ArchaeologyBibleDoubtHoly Spirit

The Bible is so old. Why should we believe that what we have today is what was written originally?

By June 6, 2014 2 Comments

It is true that we do not have the original texts of the books of the Bible. Nevertheless, we can reconstruct the original texts because we have thousands of copies of the originals that we can examine and compare. There are far more early manuscript copies of the biblical texts than any other work of ancient literature. With the discovery of the Dead Sea Scrolls, we now have copies of the Old Testament that go back to the time of Jesus. Before this discovery, our earliest copies of the Old Testament dated to around 900 AD. The Dead Sea Scrolls, however, proved that the text had not been substantially altered in those 900 or so years.

With regard to the New Testament, we have around 5,700 Greek manuscripts containing either the entirety or fragments of the New Testament. Some fragments of the New Testament date to within 50 years of the original text, copies of entire New Testament books date to within 100 years of the original, and we have nearly complete copies of the entire New Testament that date to within 150 years after it was written. For comparison, consider that Homer’s Iliad has the second most number of copies at 643 (far less than 5,700), and the earliest of these copies is not dated until 400 years after the Iliad was written. For more perspective, consider that we only have seven copies of the works of Plato, and the earliest is 1,300 years after the original was written. (A number of texts and websites provide this information)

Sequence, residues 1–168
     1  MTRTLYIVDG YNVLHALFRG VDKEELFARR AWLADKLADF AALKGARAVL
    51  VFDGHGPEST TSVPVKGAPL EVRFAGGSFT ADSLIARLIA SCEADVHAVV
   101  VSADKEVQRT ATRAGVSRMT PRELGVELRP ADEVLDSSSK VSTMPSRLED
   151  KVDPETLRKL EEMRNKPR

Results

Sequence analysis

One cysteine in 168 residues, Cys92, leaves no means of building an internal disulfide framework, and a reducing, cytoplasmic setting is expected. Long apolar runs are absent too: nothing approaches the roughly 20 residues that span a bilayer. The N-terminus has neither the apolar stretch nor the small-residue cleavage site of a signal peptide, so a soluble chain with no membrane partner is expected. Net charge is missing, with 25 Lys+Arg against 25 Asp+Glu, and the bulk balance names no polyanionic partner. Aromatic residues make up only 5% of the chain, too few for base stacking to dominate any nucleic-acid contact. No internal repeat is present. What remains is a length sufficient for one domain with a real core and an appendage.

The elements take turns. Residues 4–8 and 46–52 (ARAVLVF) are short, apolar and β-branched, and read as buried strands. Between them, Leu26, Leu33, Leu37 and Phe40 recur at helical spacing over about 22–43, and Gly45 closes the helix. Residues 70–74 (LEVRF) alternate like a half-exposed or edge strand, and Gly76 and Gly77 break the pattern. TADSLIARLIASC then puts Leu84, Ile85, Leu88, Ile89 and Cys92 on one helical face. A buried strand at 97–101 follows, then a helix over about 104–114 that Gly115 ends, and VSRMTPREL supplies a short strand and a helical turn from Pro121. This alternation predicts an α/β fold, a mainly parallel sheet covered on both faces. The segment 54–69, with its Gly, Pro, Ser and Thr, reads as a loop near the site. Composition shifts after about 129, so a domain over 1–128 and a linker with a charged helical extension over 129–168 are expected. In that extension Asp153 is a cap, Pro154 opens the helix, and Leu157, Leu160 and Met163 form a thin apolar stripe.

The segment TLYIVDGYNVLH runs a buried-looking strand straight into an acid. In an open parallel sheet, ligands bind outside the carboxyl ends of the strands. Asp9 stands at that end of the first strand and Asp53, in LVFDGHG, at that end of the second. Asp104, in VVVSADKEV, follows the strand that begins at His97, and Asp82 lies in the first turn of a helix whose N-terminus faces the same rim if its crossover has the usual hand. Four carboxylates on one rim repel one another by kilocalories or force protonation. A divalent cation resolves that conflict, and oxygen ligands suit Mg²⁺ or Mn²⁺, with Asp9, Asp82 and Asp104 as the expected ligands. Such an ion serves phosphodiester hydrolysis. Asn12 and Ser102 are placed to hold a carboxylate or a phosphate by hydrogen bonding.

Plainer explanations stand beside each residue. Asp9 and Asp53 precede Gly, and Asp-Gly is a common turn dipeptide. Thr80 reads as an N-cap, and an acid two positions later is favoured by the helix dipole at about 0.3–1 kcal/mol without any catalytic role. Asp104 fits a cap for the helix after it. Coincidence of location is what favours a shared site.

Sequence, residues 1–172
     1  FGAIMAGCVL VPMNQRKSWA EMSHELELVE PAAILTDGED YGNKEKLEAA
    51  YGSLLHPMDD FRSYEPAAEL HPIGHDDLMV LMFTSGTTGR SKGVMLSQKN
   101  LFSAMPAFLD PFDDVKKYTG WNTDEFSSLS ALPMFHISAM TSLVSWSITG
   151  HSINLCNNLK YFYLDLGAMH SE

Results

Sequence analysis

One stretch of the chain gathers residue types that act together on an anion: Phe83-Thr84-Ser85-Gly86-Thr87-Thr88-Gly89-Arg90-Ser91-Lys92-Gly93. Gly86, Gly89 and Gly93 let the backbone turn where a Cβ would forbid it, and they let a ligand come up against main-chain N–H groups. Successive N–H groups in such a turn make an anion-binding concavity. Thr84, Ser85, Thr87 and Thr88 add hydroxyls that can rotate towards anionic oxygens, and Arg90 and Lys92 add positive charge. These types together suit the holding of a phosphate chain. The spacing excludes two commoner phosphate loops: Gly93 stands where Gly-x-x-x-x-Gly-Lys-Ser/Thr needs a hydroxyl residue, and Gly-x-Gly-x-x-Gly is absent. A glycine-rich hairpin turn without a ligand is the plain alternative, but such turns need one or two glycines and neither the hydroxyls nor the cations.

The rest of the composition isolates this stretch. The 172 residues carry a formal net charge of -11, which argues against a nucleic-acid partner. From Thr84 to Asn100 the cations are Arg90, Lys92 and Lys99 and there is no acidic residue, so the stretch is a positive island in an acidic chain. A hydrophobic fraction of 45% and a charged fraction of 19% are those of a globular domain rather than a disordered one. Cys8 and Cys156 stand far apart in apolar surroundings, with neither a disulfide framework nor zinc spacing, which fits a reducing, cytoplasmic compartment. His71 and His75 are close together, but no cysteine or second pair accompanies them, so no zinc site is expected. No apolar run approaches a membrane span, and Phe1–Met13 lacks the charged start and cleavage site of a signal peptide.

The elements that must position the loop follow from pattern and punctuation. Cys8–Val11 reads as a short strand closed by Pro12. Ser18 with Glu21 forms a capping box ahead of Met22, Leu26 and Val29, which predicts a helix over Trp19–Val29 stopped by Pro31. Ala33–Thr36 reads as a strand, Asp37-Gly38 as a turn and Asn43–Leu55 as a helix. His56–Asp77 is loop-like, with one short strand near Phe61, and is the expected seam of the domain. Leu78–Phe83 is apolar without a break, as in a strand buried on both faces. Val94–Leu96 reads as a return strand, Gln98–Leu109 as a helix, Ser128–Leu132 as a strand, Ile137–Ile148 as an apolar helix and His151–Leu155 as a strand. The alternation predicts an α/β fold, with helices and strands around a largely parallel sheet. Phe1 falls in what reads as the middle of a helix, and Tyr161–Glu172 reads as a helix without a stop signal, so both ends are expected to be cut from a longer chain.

The copies we have of the New Testament are far earlier and far more numerous than that of any other ancient text. Because of this, scholars are able to reconstruct the original text with great accuracy by comparing all of the manuscripts. Although there are variations between the copies, the vast majority of these variations are mere differences in spelling. When the copies differ in terms of the actual words that are used, we have enough manuscripts to compare so that, in almost every case, it is possible to determine what the original document said with no doubt whatsoever. Just a fraction of a percent of the text is in dispute, and none of these disputed texts affects Christian doctrine.

Zach Breitenbach, Assistant Director of Room For Doubt and an adjunct teacher at Lincoln Christian University

Zach Breitenbach

Zach Breitenbach

Assistant Director of Room For Doubt and an adjunct teacher at Lincoln Christian University (LCU). With a passion for Christian apologetics, Zach was led to the Seminary at Lincoln Christian University. He taught undergraduate courses in business and theology and received an MA in Christian Apologetics with highest honors.